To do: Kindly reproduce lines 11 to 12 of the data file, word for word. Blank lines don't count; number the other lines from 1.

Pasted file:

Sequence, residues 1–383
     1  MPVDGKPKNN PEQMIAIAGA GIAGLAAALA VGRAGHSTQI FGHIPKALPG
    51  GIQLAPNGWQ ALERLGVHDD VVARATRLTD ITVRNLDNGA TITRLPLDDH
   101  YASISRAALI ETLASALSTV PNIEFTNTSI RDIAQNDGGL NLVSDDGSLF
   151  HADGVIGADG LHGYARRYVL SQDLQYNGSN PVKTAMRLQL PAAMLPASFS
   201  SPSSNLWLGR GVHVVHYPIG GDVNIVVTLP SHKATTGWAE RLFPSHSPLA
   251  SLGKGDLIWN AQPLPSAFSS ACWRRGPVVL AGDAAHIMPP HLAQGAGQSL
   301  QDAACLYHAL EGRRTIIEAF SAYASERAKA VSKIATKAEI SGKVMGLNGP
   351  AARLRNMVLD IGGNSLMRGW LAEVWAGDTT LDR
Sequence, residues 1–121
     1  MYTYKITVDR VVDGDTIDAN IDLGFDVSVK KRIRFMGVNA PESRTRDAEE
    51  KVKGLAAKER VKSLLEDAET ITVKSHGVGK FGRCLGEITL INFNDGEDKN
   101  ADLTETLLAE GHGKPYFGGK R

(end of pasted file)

     1  MYTYKITVDR VVDGDTIDAN IDLGFDVSVK KRIRFMGVNA PESRTRDAEE
    51  KVKGLAAKER VKSLLEDAET ITVKSHGVGK FGRCLGEITL INFNDGEDKN